Daytime studies — Daytime PSG may be used for night shift workers or other individuals who are usually awake at night and asleep during the day. The protocol and duration of the study are the same as those performed at night.

INDICATIONS — The most common indications for polysomnography (PSG) in adults include diagnostic evaluation of suspected sleep-disordered breathing including obstructive sleep apnea (OSA), titration of positive airway pressure, and assessment of the adequacy of therapy that is already being used [5]:

PSG (as opposed to home sleep apnea testing) is particularly important in the diagnostic evaluation of patients with advanced cardiopulmonary disease, who have a higher likelihood of central apneas, and in patients suspected of having other comorbid sleep disorders. (See "Clinical presentation and diagnosis of obstructive sleep apnea in adults", section on 'Diagnostic evaluation'.)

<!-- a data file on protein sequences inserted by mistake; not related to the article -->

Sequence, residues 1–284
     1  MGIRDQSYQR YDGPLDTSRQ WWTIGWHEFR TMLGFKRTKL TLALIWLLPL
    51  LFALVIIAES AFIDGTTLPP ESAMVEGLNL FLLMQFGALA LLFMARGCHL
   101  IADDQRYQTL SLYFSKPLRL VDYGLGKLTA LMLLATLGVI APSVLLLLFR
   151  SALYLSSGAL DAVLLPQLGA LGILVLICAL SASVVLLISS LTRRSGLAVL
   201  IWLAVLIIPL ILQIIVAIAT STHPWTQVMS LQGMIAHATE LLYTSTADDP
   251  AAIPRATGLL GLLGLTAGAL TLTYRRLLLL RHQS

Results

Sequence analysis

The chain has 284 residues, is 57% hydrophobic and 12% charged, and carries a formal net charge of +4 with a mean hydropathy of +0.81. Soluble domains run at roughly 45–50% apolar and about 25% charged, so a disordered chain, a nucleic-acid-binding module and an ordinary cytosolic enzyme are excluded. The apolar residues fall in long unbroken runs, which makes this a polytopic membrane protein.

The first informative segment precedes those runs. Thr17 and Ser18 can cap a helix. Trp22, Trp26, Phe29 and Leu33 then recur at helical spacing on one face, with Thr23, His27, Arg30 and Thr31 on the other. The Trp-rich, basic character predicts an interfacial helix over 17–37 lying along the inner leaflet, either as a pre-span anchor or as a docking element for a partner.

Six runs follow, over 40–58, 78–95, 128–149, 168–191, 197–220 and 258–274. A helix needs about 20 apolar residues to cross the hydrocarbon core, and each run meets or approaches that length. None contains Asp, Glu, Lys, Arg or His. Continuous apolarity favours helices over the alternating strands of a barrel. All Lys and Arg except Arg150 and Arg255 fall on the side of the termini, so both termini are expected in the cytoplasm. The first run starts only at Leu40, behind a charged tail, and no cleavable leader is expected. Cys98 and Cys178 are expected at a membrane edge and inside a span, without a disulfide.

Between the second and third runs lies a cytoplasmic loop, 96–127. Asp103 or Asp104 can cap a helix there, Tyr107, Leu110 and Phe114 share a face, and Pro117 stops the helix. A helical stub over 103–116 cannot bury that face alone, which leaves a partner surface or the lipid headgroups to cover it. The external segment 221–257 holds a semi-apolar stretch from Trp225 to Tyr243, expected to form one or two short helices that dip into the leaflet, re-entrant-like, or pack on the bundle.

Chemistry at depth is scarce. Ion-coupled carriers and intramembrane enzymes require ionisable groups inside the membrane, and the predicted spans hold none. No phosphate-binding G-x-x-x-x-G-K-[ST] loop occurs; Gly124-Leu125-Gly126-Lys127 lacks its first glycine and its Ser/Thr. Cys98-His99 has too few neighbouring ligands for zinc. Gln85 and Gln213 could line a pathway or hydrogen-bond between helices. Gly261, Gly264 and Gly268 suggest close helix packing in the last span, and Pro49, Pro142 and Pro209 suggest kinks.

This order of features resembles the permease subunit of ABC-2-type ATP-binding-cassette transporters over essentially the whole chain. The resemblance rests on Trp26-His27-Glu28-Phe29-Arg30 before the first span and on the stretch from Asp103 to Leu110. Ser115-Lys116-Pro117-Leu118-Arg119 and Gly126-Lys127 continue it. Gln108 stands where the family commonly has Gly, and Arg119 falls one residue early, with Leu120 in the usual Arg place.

Both full-night and split-night studies are used to titrate positive airway pressure therapy in patients with OSA. (See "Titration of positive airway pressure therapy for adults with obstructive sleep apnea".)

PSG can assess the efficacy of therapy when there is concern that the patient is not adequately treated with the currently prescribed therapy, or when there has been significant weight loss or gain [10].

For patients who are already receiving positive airway pressure therapy, PSG is started and performed with the patient wearing continuous positive airway pressure (CPAP). The pressure is titrated if breakthrough OSA is detected. PSG in this setting can also determine if the patient has developed treatment-emergent central sleep apnea. This is particularly relevant if the patient's CPAP unit at home does not have download capability or does not distinguish between central and obstructive events, or if there is a question about the identity of obstructive versus central apneas on the download data. (See "Mode selection for titration of positive airway pressure in adults with obstructive sleep apnea" and "Mode selection for positive airway pressure titration in adult patients with central sleep apnea syndromes".)

For patients who are being treated with an oral appliance, PSG is performed with the oral appliance in position and the patient is awakened if breakthrough OSA is identified in order to adjust the device. (See "Oral appliances in the treatment of obstructive sleep apnea in adults", section on 'Device titration'.)